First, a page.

Eternal Sunshine is still one of my favorite screenplays ever. So I go into every Kaufman script hoping for a new version of that genius. But I don’t know what to make of this. It’s just so… weird. Every conventional storytelling technique is thrown out in favor of a meta storyline, somewhat gimmicky flourishes (a “hallway company”) and a hard-to-tab, hyper-realistic tone.
The unfocused oft-confusing plot doesn’t help things. We start out with the kind of sitcom where people kill themselves, only to then follow the guy in the science show that one of the sit-com characters was watching. Does that mean Goodman’s world only exists in the sitcom universe, or that his show is known in the real world as well, but was just being used as a program that one of the characters was watching? I’m not sure. And since it’s Charlie Kaufman, I’m not sure if I’m supposed to be sure.
Even if you take this unique world off the table though, and judge the pilot solely by the characters and story, it’s still hard to get into. Kaufman’s take on the world has always been dark, but it seems to be getting darker with every project, leaving a trail of sadness after every character exchange and story beat. When his wife isn’t interested in hearing about Goodman’s day, you get the sense that this man leaves a really sad existence, and finishes every day with the thought, “We’re all going to die anyway, so why even try?”
I’m a big believer that the best stories are about characters who get placed in bad situations, or who’ve hit a rough patch in life, but they don’t complain about it or give in. They fight. I think that’s why American Beauty resonated with so many people when it was a spec (and then, obviously, a film). This guy had a shitty life, but then he took action and made it better. Imagine if Lester Burnham instead said, “My life sucks. What’s the point?” then moped around for the next 90 minutes. Probably wouldn’t have been that good of a film, right?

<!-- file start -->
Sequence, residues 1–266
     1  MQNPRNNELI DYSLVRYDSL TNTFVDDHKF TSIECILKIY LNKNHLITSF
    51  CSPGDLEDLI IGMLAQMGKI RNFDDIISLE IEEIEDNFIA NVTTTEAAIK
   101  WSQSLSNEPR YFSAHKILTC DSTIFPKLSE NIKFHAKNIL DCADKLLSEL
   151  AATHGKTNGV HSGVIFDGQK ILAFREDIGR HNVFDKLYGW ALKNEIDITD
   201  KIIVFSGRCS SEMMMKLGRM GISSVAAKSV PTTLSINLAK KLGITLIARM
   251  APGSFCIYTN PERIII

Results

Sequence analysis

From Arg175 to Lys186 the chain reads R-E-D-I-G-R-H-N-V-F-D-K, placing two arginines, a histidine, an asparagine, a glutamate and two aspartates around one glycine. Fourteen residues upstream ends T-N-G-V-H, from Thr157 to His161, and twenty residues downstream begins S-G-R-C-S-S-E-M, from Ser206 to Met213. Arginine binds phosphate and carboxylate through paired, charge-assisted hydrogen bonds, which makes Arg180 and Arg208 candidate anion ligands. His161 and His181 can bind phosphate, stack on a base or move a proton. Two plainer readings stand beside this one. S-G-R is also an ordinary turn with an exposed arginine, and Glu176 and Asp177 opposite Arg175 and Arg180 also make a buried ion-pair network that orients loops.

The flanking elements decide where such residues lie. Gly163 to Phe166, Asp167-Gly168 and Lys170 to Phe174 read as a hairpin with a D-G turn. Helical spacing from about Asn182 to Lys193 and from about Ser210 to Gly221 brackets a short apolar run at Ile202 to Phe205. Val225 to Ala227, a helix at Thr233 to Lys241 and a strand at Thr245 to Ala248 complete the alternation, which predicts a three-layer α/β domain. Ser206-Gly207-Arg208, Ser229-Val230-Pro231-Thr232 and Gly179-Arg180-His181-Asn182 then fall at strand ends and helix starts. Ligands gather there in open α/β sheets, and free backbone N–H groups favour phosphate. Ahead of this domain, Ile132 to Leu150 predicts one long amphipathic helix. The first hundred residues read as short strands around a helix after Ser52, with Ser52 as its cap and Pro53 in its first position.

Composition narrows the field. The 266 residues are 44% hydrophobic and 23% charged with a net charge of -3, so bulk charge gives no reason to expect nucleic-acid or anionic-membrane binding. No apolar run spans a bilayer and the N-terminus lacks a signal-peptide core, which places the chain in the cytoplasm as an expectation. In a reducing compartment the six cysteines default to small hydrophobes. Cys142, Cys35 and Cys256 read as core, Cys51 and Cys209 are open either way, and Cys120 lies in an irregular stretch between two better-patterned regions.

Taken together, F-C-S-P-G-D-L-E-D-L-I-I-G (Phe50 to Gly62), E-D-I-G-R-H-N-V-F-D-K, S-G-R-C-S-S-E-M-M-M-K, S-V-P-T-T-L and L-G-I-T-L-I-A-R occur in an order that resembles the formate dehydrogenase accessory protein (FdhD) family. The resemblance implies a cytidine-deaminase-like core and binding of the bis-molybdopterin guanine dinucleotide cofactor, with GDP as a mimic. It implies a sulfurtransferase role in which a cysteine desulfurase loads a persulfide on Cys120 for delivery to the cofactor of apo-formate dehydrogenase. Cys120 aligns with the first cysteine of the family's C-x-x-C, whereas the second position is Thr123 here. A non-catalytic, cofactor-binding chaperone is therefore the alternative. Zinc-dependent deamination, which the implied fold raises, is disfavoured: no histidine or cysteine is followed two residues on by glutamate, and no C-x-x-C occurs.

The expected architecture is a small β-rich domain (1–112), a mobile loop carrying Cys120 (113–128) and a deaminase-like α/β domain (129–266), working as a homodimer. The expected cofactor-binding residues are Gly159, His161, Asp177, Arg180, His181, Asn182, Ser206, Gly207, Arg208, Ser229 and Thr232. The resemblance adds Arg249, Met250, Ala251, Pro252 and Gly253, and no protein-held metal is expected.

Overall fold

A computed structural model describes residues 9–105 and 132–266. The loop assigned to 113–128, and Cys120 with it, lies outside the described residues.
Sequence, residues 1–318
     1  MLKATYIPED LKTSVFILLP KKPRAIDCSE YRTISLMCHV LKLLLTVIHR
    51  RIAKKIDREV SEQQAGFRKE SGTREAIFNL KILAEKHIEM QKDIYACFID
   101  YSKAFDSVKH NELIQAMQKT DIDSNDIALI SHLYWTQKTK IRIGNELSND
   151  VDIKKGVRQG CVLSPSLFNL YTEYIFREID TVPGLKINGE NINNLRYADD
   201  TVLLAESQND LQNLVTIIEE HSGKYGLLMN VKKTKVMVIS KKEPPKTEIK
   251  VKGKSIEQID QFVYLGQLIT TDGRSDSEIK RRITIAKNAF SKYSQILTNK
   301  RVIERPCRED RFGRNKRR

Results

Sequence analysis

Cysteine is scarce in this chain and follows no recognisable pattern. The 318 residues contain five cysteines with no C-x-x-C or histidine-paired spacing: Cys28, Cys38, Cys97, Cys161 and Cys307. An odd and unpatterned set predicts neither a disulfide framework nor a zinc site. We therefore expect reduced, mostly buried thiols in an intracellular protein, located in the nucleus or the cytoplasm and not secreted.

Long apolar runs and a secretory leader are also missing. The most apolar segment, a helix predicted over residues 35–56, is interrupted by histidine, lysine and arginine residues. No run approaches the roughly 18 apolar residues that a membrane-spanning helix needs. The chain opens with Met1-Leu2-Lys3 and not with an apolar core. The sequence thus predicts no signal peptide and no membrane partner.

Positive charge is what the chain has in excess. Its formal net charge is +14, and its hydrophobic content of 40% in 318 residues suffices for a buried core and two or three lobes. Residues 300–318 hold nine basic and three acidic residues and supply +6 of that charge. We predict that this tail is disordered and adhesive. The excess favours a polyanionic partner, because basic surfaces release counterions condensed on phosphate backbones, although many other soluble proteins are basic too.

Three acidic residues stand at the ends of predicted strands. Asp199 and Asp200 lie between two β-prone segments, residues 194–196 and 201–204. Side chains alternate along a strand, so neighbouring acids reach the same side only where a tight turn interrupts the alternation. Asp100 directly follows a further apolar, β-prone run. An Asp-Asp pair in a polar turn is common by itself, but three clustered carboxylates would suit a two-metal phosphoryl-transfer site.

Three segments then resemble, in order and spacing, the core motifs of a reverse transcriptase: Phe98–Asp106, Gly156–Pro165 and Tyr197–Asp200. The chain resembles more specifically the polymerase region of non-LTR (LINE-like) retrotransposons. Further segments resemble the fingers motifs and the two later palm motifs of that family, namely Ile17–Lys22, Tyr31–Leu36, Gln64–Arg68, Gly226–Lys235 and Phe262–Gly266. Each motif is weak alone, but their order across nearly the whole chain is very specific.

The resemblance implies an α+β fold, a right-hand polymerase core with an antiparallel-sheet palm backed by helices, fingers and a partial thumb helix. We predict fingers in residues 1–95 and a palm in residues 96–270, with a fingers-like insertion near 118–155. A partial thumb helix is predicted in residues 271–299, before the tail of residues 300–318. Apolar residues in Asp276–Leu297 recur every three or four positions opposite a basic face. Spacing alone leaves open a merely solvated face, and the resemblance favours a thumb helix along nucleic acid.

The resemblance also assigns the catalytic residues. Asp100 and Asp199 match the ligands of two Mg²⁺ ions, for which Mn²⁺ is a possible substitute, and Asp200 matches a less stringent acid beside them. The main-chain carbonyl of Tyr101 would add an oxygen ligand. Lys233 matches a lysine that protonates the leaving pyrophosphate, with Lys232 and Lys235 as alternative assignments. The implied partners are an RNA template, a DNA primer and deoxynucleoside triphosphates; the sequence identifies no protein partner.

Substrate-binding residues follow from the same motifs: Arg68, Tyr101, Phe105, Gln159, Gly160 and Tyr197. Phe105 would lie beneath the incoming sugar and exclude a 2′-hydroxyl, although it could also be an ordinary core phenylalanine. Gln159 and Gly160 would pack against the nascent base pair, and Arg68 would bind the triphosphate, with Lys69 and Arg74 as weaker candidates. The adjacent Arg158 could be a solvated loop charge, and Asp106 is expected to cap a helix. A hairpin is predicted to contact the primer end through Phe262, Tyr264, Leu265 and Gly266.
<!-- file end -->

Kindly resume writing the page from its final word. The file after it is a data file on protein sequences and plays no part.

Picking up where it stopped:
Hey, I like hope. Kill me.
Also, I understand that Kaufman is writing what he knows here (he used to write sitcoms), but there’s something dated about this premise. I’ve seen people over-do the hyper-exaggerated sit-com thing before, as well as play the laugh track even as terrible things are happening onscreen (like people getting beat up or killed). So there was a feeling of “been there, done that” when that happened. This is Charlie Fucking Kaufman! Why not give us something new?
Why not tackle the absurdity of more current genres, like reality TV? Generally I’m not into that, but I think Kaufman could do wonders with it. What is reality? What isn’t! Who’s real? Who isn’t? That seems to be one of the themes he’s exploring anyway. But alas, I don’t think he knows or really cares about that world much.
I will say this. This script has a very specific tone to it that feels like it requires a very specific treatment. It’s kind of like if you’d read Breathless before it was made. How could you possibly envision what that movie eventually became? So I’m hoping that Kaufman has a few tricks up his sleeve when he shoots this (I think he’s directing this at least).
And How and Why does have its moments. The huge hallways and tiny rooms of his hero’s new workspace, as well as his clueless new boss, for example, make for some funny dialogue. But I’m stuck wondering if that’s going to be enough to make up for a strangely bizarre concoction that, at least from this pilot, doesn’t seem to know what it wants to be.
[ ] what the hell did I just read?
[x] wasn’t for me
[ ] worth the read
[ ] impressive
[ ] genius
What I learned: If you deal your character a bad hand, don’t have them mope about it. Or, at least, don’t have them mope about it for long. Sooner (rather than later) they should want to better their predicament. No one likes to watch anybody mope about life. It’s depressing and, typically, not what we’re looking for when we want to be entertained.